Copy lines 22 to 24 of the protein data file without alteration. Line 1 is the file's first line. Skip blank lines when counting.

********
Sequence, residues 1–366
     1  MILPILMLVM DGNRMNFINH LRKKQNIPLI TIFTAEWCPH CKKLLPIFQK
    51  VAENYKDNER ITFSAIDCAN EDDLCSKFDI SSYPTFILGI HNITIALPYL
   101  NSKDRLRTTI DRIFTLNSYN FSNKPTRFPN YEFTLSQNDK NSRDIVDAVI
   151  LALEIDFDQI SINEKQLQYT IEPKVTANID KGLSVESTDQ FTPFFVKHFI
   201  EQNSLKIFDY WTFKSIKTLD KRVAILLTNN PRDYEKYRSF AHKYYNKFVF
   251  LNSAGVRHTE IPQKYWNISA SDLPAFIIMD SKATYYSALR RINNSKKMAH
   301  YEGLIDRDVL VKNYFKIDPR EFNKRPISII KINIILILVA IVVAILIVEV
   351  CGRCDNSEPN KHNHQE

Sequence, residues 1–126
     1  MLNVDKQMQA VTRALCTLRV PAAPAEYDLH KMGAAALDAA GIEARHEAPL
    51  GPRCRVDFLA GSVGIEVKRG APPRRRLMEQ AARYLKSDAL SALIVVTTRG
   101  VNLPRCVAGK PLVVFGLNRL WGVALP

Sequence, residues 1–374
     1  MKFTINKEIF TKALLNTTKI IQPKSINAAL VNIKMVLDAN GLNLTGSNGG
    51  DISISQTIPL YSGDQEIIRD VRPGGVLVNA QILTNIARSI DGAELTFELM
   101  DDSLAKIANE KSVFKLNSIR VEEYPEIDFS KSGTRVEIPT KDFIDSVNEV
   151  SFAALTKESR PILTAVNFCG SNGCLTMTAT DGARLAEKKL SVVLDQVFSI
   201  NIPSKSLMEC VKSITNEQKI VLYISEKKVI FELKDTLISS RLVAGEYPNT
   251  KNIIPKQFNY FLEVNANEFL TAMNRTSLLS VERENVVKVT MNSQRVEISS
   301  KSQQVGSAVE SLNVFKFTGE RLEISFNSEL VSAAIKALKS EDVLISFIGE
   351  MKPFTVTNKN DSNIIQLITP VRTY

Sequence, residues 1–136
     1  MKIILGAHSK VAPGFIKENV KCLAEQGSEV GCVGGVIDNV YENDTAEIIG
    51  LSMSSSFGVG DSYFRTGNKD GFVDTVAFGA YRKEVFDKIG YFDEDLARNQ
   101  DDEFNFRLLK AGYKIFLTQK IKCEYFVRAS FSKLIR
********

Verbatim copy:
   351  MKPFTVTNKN DSNIIQLITP VRTY

Sequence, residues 1–136
     1  MKIILGAHSK VAPGFIKENV KCLAEQGSEV GCVGGVIDNV YENDTAEIIG